How do leaders and influencers emerge?
People usually think of leaders and influencers as imbued with special skills and qualities that propel them to success, high status and financial rewards. Self-help books on how to build leadership skills abound. New findings suggest our view of leadership is over-glorified.
Ways to preserve employee morale during cost-cutting
Layoffs, offshoring and other cost-cutting measures affect morale longer than most companies realize, challenging assumptions that shifts in job attitudes are temporary. Companies that invest in their remaining employees are less likely to see a plunge in morale.
Managers try to fix workplace injustices by giving employees secret perks
It's not unusual for middle managers to compensate victims of workplace injustice under the table—from extra vacation time, to higher travel allowances, to equipment they’re allowed to take home—creating an invisible wage system.
Love: How the feeling of power determines happy relationships
All power imbalance corrupts, and mostly what it corrupts are relationships. The secret to a happy romantic relationship is to make sure both partners feel they can decide on issues that are important to them.
Powerful people are less likely to be understanding when mistakes are made
Although they have more choices, those with more power still see others as having lots of choice, regardless of their situation. Powerful people assign more blame when people make mistakes or have shortcomings, thereby justifying the current hierarchy.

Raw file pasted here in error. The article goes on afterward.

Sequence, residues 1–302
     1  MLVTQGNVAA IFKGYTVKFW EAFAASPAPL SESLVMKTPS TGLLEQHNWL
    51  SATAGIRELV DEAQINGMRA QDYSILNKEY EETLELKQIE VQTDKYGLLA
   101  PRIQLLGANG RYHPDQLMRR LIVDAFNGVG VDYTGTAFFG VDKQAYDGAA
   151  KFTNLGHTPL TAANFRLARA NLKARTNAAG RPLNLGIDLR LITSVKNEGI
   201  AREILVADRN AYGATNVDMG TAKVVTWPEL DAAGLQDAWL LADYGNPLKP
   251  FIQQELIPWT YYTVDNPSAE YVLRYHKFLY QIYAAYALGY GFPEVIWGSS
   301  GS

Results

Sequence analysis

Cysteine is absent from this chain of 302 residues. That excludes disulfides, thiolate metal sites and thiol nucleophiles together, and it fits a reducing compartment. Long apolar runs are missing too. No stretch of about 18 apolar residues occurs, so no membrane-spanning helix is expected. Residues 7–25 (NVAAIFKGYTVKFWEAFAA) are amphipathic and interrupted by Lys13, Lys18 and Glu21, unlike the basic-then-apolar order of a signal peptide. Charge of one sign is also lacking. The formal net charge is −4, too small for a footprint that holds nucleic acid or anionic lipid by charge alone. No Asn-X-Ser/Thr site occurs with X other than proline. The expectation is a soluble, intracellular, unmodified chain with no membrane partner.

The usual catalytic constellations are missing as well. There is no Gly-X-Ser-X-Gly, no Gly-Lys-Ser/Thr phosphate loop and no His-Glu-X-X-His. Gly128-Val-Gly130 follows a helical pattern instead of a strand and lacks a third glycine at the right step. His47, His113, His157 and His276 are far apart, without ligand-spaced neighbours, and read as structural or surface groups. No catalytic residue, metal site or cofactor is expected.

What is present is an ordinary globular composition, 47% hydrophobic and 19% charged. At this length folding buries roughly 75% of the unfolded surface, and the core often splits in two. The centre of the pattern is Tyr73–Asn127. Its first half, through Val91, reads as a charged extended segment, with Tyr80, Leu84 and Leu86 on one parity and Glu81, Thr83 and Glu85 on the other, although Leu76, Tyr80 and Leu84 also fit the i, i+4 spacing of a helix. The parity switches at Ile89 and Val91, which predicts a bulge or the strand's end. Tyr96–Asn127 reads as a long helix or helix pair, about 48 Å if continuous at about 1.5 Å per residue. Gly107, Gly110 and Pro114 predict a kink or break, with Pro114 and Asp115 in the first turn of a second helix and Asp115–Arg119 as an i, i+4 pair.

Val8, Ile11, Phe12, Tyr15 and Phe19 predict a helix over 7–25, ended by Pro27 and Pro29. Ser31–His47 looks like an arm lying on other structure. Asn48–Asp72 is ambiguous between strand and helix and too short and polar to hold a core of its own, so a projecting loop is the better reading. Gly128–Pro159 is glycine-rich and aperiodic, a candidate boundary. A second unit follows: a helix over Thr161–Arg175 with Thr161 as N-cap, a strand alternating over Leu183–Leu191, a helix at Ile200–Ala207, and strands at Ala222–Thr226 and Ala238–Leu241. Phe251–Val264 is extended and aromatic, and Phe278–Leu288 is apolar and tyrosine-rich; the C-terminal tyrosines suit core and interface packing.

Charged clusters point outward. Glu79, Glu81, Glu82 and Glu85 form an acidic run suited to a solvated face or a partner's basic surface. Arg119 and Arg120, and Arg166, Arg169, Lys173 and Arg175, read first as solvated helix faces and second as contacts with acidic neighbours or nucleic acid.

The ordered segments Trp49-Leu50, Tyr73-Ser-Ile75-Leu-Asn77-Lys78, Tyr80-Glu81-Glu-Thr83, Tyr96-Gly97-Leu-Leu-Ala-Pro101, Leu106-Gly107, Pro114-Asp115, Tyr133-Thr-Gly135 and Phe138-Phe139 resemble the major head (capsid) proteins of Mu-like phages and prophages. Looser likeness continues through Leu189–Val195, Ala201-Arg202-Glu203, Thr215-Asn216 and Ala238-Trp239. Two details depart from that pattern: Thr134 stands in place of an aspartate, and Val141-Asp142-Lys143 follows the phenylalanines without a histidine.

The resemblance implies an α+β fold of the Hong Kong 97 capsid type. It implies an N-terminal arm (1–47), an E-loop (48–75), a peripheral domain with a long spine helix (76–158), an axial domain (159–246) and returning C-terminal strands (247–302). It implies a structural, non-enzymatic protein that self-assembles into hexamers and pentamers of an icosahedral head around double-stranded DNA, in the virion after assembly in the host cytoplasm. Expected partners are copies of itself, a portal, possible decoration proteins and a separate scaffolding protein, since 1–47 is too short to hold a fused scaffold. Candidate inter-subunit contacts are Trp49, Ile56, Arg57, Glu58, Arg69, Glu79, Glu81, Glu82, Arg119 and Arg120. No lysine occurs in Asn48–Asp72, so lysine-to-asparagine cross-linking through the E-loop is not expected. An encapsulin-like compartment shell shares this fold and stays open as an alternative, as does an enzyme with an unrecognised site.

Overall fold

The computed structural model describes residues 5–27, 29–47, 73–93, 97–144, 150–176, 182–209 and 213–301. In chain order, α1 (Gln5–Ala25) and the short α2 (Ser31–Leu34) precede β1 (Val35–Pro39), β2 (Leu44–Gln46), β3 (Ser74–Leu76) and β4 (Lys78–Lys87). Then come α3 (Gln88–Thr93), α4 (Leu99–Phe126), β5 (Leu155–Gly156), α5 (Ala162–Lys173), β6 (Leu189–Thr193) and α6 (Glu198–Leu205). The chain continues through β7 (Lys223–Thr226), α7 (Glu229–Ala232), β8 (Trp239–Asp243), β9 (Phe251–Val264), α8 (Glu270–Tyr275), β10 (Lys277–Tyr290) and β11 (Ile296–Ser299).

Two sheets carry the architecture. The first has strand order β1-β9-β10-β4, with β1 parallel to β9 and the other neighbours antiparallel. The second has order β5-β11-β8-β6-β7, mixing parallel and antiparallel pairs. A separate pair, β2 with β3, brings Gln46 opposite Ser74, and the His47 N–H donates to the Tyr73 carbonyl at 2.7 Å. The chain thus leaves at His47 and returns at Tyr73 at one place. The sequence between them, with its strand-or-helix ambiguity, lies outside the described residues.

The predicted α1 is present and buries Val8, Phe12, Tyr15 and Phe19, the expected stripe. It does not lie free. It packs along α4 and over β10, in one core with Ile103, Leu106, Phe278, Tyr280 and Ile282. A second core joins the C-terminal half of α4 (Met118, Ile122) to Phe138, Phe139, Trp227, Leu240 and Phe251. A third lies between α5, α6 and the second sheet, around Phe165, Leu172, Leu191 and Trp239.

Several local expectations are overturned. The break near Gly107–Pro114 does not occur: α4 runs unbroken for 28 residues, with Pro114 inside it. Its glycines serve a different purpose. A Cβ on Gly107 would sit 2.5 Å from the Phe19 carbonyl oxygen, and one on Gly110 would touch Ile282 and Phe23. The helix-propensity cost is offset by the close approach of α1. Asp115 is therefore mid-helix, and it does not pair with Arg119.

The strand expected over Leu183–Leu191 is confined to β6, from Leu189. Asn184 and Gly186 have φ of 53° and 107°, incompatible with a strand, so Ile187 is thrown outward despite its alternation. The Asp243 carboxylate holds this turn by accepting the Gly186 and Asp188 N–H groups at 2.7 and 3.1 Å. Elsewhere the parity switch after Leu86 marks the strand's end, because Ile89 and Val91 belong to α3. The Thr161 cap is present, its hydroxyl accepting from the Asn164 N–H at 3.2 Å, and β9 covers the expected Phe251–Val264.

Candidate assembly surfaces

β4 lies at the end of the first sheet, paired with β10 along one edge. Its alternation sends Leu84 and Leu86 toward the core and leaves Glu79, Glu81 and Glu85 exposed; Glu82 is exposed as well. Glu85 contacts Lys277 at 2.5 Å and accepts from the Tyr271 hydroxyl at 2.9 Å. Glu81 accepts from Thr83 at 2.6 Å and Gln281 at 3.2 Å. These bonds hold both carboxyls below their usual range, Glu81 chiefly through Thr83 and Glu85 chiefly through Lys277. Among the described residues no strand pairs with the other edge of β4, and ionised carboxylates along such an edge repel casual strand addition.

Fairness "important - but not enough"
Being treated fairly is important—but fairness alone isn’t enough to make people feel valued in a workplace. Distinctive treatment—where a person’s talents and qualities are recognized –provides this sense of value, while also reinforcing their sense of inclusion. It also promotes mental health.
A quick morning reflection could make you a better leader-even if you're not the boss!
Study participants who took a few moments each morning to reflect on who they wanted to be as a leader were more likely to report helping co-workers and providing strategic vision than on days they didn’t do the morning reflection. They also felt more leaderlike on those days, perceiving more power and influence in the office. The effects also extended to aspiring leaders.
Leaders take note: Feeling powerful can have a hidden toll
Power is generally considered a desirable thing and it’s rare for leaders to turn powerful roles down. However, many feel exhausted and overburdened by their work. Leaders with a propensity to worry and to experience stress are particularly sensitive to the costs and benefits that come with feeling powerful at work.
Campaign promises more likely to be kept by governments run by women
Governments with strong female representation are more likely to deliver on campaign promises. Promises are even more likely to be kept when women in government assume leadership roles.
Big name corporations more likely to commit fraud
Household name companies are more prone to engage in financial fraud - fudging the numbers, lying to investors - but by the time the fraud is discovered the CEO has probably long moved on.
Guilty! Richard III did murder "the Princes in the Tower"
King Richard III’s involvement in one of the most notorious and emotive mysteries in English history may be a step closer to being solved. One of the ultimate cold cases.
Abusive bosses 'fake nice' instead of 'make nice'
Supervisors are often driven by simply repairing their social image rather than making genuine amends and changing their behavior. Breaking the cycle of toxic behavior requires organizational leaders to implement zero-tolerance policies. Sanctions, rather than forgiveness, are more likely to change behaviors.
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